Denmark Farm is an important place to me. I first heard about it 25 years ago when I was studying hedgerows and looking for good quality examples to survey. Sadly, at the time, the hedges at Denmark Farm were in poor shape and so I never went to look at them. In fact, I didn’t actually visit the site until about 10 years later, by which time all the habitats, including the hedgerows, were flourishing and the number of species present was starting to shoot up.
In the past 15 years, though, I have spent an increasing amount of time at Denmark Farm. I have run workshops and taught courses – mainly about ecology and conservation; I have attended courses – mainly to learn craft skills; I have volunteered – undertaking practical activities and working as a trustee; I have had a holiday there (yes, I know it’s only about 15 miles from home); and I have been there just to enjoy the peace and quiet. People who visit Denmark Farm tend to come back. The proportion of return bookings for the eco-lodge is high. Having attended one course, participants usually book another… and another. And tutors seem to love the place as a venue – I know I do.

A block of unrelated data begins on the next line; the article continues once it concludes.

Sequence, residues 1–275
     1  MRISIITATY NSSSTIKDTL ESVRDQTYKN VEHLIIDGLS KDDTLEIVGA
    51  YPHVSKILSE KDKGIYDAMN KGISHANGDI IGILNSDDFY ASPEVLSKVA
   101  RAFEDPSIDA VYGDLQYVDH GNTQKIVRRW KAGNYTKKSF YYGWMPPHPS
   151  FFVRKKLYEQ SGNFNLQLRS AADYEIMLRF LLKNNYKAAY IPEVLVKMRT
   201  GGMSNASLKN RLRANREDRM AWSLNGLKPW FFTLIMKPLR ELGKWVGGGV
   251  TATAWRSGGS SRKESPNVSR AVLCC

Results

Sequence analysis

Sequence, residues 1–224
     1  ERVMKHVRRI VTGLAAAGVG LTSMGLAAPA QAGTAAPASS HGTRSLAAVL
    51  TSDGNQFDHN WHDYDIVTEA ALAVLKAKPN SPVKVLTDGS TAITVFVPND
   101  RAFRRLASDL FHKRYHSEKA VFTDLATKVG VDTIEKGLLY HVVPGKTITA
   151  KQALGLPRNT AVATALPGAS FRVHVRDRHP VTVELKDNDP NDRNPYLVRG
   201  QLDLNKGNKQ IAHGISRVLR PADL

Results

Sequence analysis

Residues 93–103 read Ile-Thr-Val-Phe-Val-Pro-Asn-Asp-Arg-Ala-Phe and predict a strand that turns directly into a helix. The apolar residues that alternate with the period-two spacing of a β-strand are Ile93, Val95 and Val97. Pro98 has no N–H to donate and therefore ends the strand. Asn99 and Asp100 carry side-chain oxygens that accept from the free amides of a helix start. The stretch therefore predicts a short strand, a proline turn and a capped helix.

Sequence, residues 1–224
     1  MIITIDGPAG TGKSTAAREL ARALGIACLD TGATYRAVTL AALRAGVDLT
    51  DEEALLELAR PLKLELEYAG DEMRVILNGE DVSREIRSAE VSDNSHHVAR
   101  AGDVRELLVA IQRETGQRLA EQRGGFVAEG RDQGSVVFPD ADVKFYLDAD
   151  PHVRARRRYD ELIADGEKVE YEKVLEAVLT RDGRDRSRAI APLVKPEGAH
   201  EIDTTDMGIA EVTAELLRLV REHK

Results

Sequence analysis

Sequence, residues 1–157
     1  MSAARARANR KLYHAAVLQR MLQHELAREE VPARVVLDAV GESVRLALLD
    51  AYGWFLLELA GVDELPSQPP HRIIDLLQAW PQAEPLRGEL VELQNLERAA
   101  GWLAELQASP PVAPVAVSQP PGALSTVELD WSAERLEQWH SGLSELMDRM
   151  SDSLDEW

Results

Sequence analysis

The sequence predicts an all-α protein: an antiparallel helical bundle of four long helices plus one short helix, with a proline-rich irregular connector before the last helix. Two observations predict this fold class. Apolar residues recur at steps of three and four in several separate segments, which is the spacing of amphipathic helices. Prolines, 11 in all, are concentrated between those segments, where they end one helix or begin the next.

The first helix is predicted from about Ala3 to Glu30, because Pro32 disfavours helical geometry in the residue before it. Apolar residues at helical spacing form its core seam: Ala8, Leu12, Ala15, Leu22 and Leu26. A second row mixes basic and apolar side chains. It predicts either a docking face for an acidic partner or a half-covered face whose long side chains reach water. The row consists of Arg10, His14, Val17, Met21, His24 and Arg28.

So, as you can see it’s a place that I value very much.
However, all those beautiful acres need management and care. Someone needs to walk the site regularly to make sure the trails are all open. The fences need repairing or replacing sometimes to keep the highland cattle in and the stock from adjoining farms out. The wildflower meadows need to be mowed and and the hazels need to be coppiced. Some of this work can be done by volunteers, but we also need to pay contractors and we need staff to run the site – from organising conservation management to planning courses. And this, of course, means that we need money. The eco-lodge is helping to earn some income for the site, and we have small grants at the moment from Environment Wales and the Big Lottery Fund, but we still rely on donations to fund some of our activities.
And this is why I decided last year that I would not simply support the charity with annual membership, but that I would make a one-off payment and become a lifetime member. For the charity this represented a welcome income that allowed a significant amount of work to be funded and for me it felt as if I had made a really big contribution to the continuing management of the farm and all its wonderful species and habitats. Of course not everyone can afford to make such a big donation all in one go, and the Trust welcomes regular annual membership payments. But if you do have the funds to afford lifetime membership it does help a great deal.
Either way, personal membership is linked to a number of benefits (which you can read about here) as well as the knowledge that you are contributing to a really worthwhile cause and helping Denmark Farm thrive.